The event opened with a message from Katie Lucero, Sierra College Math faculty member. “We have so many resources to help you succeed in math and other classes at Sierra College,” said Lucero. “Be persistent and take advantage of tutoring.”

The keynote panel presentation was arranged by Gina Lujan, Co-Founder, Hacker Lab, who urged the girls to follow their dreams. “My passion is helping people dream big, learn and discover, and do cool things,” said Lujan. “Dream, discover and do to find your passion.”

Alona Jennings, CEO, The Go 2 Network and Co-Founder, Code for Hood, encouraged the girls to take action. “Get involved with everything that interests you and try it once,” said Jennings.

Emma Fletcher, Co-Founder, Rocket Dept., and Engineer, Intel® and Jenna McKay, Social Media Expert, VOLT also inspired the girls to explore, build things and consider nontraditional careers. For example, Fletcher discovered her passion for engineering when she went with a friend to a robotics club meeting.

The NEW event was hosted by the Sierra College Center for Applied Competitive Technologies and Career Technical Education, in partnership with the Placer Union High School District and Hacker Lab. Sponsors included CRANE, Sierra College Foundation, California Community Colleges North Far North Regional Consortium and Special Populations Collaborative, Golden Sierra Job Training Agency, Valley IT Support, Parallax Inc., RuffStuff Specialties, SME Sacramento Valley Chapter and SMUD.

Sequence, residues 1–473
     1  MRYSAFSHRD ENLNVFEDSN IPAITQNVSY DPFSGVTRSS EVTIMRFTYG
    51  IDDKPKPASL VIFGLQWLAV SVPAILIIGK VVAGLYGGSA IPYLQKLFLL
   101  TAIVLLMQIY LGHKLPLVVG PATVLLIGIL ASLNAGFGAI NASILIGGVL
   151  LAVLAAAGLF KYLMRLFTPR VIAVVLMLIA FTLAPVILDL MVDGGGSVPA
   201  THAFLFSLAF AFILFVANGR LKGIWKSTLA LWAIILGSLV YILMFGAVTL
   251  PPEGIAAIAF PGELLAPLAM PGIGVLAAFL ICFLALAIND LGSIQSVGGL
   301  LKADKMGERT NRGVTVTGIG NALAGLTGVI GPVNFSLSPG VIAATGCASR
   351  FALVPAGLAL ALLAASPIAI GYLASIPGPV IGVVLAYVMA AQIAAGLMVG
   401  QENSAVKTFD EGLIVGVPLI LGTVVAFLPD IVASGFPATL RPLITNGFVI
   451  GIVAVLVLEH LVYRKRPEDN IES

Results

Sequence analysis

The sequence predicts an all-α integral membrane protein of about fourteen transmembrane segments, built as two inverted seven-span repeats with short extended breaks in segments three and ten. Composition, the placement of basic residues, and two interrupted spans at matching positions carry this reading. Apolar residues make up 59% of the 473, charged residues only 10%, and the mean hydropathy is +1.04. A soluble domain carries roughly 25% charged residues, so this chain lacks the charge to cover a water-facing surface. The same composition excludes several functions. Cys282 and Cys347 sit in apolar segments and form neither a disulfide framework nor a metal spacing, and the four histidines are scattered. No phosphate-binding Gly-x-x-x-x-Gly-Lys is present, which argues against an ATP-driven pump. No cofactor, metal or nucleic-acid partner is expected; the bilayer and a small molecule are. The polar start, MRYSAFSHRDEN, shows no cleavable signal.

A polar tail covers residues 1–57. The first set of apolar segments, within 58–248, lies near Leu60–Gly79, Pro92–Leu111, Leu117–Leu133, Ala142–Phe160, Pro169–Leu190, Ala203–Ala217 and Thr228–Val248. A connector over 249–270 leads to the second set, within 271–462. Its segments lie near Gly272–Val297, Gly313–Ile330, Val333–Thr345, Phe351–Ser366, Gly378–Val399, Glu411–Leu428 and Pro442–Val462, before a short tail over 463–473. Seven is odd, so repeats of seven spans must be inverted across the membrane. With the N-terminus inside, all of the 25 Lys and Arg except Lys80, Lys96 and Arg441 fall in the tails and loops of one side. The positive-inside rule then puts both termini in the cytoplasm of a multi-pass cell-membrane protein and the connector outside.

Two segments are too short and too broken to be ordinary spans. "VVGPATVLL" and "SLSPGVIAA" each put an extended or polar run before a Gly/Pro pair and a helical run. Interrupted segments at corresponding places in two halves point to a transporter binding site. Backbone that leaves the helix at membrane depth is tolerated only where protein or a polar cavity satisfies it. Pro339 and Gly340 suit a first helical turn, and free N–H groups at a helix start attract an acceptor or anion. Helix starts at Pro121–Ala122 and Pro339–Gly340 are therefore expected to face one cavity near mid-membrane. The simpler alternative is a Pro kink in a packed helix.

Industry mentors represented: AAUW, AB CNC, AEROTEK, CSUS Engineering, GLUMAK, Harris Gas, LB Construction, Mcloughlin Studios, Newcastle Produce, PASCO Scientific, PCWA, Placer County, SME Sacramento Valley, SMUD, Studio KYK and Union Pacific.

About Sierra College CACT
Sierra College Center for Applied Competitive Technologies (CACT) is focused on Advanced Manufacturing and is funded through the Workforce and Economic Development program of the California Community College Chancellor’s Office. Since 1992, the Sierra College CACT has provided customized training in lean, process improvement, zero waste, supervision, workplace software, communication and many other topics for organizations, manufacturers and technology companies throughout Northern California. For more information, contact Carol Pepper-Kittredge at training(at) or 916-660-7801.

About Sierra College
Sierra College serves 3200 square miles of Northern CA with campuses in Roseville, Rocklin, Grass Valley, and Truckee. With approximately 125 degree and certificate programs, Sierra College is ranked first in Northern California (Sacramento north) for transfers to four year universities, offers career/technical training, and classes for upgrading job skills. Sierra graduates can be found in businesses and industries throughout the region. More information at

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Sue Michaels

Carol Pepper-Kittredge